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Title Two Borderline Works: The Miniature Classical Friezes by John Henning
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About author Simone Rambaldi — Ph. D., associate professor. University of Palermo, Viale delle Scienze Ed. 15, 90128 Palermo, Italy.
In the section European Art in the Modern Times DOI10.18688/aa200-1-8
Year 2020 Volume 10 Pages 97108
Type of article RAR Index UDK 7.026.2, 7.035(420)26, 73.027.2 Index BBK 85.13

The theme of the article is two plaster replicas of the miniaturized reproductions of the Parthenon and Bassae friezes made in London by the Scottish sculptor and carver John Henning in the first decades of the 19th century. The reliefs were recently revealed during a new exhibition of the Plaster Cast Gallery, belonging to the Department of Cultures and Societies of the University of Palermo in Italy. Henning based himself on the original marbles transferred to the British capital and, in the case of the Athenian frieze, onthe drawings of the missing parts. Through a long job, his reproductions in miniature were carved in reverse into slate slabs from which plaster casts were easily obtained and finally sold. A lucrative trade of bootlegged copies arose, but Henning gained nothing by that business. The duplicates spread in great numbers not only in plaster casts galleries, but also inside dwelling houses, as an ornament for walls and chimneys in living rooms.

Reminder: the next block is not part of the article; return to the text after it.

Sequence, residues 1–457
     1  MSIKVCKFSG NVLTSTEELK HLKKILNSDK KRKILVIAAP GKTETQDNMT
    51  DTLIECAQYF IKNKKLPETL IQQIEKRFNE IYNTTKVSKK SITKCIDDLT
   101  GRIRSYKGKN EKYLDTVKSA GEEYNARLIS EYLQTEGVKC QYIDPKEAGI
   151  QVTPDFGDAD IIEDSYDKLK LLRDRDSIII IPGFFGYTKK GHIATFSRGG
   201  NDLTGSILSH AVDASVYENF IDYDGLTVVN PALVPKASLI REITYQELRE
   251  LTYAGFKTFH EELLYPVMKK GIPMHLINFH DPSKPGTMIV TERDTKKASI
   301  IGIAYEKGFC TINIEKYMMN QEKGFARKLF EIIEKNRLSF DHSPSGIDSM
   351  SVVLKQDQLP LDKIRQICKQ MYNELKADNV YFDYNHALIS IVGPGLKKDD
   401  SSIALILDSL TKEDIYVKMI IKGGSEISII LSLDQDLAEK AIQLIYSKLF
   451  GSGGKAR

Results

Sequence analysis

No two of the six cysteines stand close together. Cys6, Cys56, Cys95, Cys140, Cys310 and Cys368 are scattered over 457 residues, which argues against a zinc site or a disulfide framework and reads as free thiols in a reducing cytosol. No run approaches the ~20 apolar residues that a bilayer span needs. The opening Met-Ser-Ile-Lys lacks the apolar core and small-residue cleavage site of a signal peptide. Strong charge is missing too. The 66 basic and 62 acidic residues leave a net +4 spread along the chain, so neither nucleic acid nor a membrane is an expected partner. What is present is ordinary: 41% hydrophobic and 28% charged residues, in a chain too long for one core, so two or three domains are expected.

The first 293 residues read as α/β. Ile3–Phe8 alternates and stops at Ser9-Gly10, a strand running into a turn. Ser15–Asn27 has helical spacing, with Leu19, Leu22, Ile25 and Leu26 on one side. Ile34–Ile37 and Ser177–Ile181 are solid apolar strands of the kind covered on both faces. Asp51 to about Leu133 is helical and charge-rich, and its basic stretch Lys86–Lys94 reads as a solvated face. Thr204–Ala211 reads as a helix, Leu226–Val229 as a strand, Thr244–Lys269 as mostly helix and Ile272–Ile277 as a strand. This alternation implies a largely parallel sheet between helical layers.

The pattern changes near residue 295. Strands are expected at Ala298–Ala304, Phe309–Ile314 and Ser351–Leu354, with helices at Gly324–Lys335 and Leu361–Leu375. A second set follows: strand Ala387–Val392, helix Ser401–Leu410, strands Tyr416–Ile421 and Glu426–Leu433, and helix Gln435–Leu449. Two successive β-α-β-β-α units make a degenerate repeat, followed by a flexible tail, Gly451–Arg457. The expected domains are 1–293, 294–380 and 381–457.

These artifacts, although they have seldom captured the attention of the archaeologists, are of particular interest. The casts performed a two fold function: on one hand, they were useful for study; on the other hand,they were used as furnishing elements. The small casts by Henning, furthermore, were suitable for the taste of the time. Despite their astonishing fidelity to the originals, the sharp and chiseled contours of the carved figures emanate more neoclassical than classical aura, especially in the parts of the Parthenon frieze not directly known by the author. In that, we understand how these artifacts, though they are reliable reproductions of sculptures dating from the culminating point of Greek art, are also two typical “industrial” products of the 19th century.

Henning’s artwork seems to appear as a real “borderline work”. It stands between the ancient and the modern, art and handicraft, public and private, study and pleasure.

Reference Rambaldi, Simone. Two Borderline Works: The Miniature Classical Friezes by John Henning. Actual Problems of Theory and History of Art: Collection of articles. Vol. 10. Ed: A. V. Zakharova, S. V. Maltseva, E. Iu. Staniukovich-Denisova. — Lomonosov Moscow State University / St. Petersburg: NP-Print, 2020, pp. 97–108. ISSN 2312-2129.
Publication Article language english
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